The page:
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Arranged Marriages?

Arranged Marriages?

Artwork by Sarah Kranz
Artwork by Sarah Kranz


Is it true that traditionally, Jewish marriages were arranged marriages? I’ve also heard that this is still the practice amongst the more religious Jews. Does Judaism mandate or legitimize this practice?


If arranged means coerced—no. It is true that in most ancient cultures—and many still-existing ones—marriages were and are arranged, and the young lady (and sometimes the young man) has no say in this choice of her/his marriage partner. However, Torah law and Jewish custom have always frowned upon this practice, even in ancient times.

In fact, the opposition to coerced marriages was prevalent in Abraham’s family even before Judaism. We find in the Torah’s account of Isaac’s marriage (Genesis 24) that when Abraham’s servant Eliezer proposes to take Rebecca back to Canaan to marry Isaac, he is told by Rebecca’s family (Abraham’s cousins who were not into his new religion): “Let us ask the maiden.” From here our sages derive that no one may be married against their choice. This, indeed, has always been the practice within the Jewish community since its inception.

As far as how the prospective bride and groom are introduced so that they can decide whether they do indeed wish to marry each other, certainly the shadchan (“matchmaker”) has always played a major role in Jewish marriages. (There are professional shadchanim, but usually it’s a friend of the family who knows someone who knows a seemly candidate, etc.)

The shadchan method has proven to be the most effective way to find a marriage partner. One starts off meeting someone who is at least somewhat compatible, rather than meeting people at random. As a matter of fact, many thoroughly modern Jewish singles have discovered that the random roll-the-dice approach isn’t finding them a mate, and have returned to the traditional shadchan model.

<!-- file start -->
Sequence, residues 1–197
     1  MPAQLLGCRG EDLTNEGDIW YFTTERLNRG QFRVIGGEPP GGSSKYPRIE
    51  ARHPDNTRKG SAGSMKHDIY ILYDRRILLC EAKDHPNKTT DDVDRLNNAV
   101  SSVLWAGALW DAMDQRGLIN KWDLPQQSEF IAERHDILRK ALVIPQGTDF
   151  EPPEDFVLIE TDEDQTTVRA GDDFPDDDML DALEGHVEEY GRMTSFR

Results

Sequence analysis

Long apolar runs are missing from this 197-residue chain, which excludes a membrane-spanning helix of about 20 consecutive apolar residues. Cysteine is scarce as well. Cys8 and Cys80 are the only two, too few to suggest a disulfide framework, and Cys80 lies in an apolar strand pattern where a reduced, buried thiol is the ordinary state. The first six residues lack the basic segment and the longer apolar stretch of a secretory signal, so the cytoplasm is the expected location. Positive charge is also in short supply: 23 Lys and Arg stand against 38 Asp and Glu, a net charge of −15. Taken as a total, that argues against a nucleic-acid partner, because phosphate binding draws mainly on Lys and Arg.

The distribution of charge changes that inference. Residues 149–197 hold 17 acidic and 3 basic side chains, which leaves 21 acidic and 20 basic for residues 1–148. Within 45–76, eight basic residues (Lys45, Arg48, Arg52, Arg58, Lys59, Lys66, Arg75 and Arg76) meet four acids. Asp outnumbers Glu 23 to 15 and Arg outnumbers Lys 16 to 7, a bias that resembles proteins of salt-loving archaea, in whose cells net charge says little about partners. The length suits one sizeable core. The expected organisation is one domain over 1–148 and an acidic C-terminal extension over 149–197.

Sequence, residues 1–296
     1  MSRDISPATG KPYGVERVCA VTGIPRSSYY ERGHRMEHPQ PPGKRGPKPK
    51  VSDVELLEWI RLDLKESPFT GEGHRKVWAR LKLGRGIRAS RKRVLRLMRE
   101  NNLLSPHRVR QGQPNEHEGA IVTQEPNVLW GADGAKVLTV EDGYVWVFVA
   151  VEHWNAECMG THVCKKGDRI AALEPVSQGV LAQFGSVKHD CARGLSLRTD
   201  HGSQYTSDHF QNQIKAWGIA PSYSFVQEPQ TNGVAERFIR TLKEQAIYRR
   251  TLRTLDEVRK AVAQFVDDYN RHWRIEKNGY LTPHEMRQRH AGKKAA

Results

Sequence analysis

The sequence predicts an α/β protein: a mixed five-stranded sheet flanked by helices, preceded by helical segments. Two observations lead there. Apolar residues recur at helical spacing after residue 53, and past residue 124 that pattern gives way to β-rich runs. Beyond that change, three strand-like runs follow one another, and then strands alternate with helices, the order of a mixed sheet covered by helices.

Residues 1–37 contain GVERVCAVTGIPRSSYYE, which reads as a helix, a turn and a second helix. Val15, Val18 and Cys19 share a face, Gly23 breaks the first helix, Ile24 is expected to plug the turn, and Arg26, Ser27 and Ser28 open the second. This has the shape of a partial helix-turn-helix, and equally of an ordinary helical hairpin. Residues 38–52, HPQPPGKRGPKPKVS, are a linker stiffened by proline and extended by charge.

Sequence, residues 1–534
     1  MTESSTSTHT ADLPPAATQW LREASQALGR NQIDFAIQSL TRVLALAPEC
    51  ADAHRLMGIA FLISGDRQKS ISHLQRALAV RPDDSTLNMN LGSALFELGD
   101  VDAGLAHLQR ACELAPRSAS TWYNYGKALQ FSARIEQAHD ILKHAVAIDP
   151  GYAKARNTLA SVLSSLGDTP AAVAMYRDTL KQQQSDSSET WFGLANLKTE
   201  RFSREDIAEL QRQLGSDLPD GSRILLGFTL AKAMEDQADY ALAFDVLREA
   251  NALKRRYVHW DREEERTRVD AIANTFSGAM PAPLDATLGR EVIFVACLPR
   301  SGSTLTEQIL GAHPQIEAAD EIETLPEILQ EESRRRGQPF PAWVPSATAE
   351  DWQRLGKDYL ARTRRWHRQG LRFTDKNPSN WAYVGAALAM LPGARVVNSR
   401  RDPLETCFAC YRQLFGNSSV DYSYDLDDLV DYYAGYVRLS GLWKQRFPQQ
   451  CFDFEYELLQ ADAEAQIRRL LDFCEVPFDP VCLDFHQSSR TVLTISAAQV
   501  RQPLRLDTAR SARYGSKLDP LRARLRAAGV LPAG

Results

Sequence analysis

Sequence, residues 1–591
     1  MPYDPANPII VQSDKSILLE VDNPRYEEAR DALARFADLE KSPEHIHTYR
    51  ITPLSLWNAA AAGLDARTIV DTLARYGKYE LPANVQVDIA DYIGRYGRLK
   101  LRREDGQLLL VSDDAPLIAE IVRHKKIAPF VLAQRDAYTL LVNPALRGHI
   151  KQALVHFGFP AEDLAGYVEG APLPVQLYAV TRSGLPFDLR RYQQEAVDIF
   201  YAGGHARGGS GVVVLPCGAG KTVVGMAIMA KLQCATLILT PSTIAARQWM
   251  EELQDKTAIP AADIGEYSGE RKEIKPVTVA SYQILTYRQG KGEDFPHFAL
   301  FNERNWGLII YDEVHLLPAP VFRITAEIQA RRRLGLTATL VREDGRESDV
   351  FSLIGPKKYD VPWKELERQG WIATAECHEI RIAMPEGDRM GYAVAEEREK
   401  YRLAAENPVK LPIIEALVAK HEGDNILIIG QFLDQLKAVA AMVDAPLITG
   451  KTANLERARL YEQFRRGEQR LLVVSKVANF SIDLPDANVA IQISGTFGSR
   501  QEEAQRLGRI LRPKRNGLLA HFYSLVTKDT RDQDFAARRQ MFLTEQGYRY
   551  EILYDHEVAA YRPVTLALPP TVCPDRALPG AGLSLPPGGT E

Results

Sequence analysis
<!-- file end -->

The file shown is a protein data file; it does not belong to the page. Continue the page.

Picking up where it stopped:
Rabbi Shlomo Yaffe, a frequent contributor of articles and media to, is Dean of the Institute of American and Talmudic Law in New York, N.Y., and director of the Institute for Judaic Knowledge, based in Newton, Mass. Rabbi Yaffe has lectured and led seminars throughout North America, as well as in Europe, Asia, Latin America and Africa.
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Discussion (29)
April 16, 2015
No marriage will work with ill intentions. Both parties need to make the decision to give their best to their marriage everyday. Feelings of love or not. Work together for the good of the marriage not personal disappointment or selfishness
February 7, 2015
to Lisa
The above article states very clearly that Jews do not have arranged marriages.
Please reread and you will see this. We also believe in love marriages. The question is how do they meet? Do you find someone on the street or at a party, etc. or does a mutual friend who knows the boy/girl introduce you? Do your parents check into this prospective spouse's character, etc. or not?

Our all children married the person they loved but we checked each one out very carefully before they met. And they will soon be doing the same act of kindness for their children, our grandchildren, who are almost of age. You should read the posts below, they are very interesting.
February 3, 2015
Arranged Marriages?
Arranged marriages have been around since the beginning of time, and to those who criticized what I said, here's my final say:

All people are different, and I believe in love marriages!
Providence, RI
June 18, 2013
Crossing Delancy